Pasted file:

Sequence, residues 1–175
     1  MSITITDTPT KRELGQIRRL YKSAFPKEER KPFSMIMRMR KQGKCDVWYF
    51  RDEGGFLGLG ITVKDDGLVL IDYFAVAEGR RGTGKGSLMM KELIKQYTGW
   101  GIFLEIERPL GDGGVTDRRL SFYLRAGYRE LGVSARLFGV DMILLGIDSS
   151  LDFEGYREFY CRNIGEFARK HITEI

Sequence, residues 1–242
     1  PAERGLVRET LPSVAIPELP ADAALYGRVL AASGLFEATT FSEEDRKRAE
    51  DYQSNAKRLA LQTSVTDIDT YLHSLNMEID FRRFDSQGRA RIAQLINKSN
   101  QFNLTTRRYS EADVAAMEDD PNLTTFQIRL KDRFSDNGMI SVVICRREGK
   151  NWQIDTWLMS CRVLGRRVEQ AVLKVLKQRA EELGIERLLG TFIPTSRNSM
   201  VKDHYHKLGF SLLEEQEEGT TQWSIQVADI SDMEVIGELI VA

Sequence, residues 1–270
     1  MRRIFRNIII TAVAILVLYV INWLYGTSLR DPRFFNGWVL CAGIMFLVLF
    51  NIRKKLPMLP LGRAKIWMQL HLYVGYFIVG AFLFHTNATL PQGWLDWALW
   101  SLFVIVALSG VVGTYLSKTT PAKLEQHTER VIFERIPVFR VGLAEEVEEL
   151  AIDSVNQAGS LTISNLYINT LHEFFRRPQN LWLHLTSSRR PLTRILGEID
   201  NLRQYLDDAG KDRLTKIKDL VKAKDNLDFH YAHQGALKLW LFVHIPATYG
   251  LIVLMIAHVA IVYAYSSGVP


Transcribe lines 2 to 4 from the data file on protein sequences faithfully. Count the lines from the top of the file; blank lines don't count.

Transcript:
     1  MSITITDTPT KRELGQIRRL YKSAFPKEER KPFSMIMRMR KQGKCDVWYF
    51  RDEGGFLGLG ITVKDDGLVL IDYFAVAEGR RGTGKGSLMM KELIKQYTGW
   101  GIFLEIERPL GDGGVTDRRL SFYLRAGYRE LGVSARLFGV DMILLGIDSS